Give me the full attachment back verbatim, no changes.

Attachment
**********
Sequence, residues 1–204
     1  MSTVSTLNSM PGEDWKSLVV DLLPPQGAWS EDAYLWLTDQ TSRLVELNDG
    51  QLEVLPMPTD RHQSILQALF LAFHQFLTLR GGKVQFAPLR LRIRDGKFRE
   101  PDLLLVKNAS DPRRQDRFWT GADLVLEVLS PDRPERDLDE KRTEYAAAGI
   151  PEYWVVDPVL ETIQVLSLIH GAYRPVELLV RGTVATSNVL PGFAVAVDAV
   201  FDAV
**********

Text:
Sequence, residues 1–204
     1  MSTVSTLNSM PGEDWKSLVV DLLPPQGAWS EDAYLWLTDQ TSRLVELNDG
    51  QLEVLPMPTD RHQSILQALF LAFHQFLTLR GGKVQFAPLR LRIRDGKFRE
   101  PDLLLVKNAS DPRRQDRFWT GADLVLEVLS PDRPERDLDE KRTEYAAAGI
   151  PEYWVVDPVL ETIQVLSLIH GAYRPVELLV RGTVATSNVL PGFAVAVDAV
   201  FDAV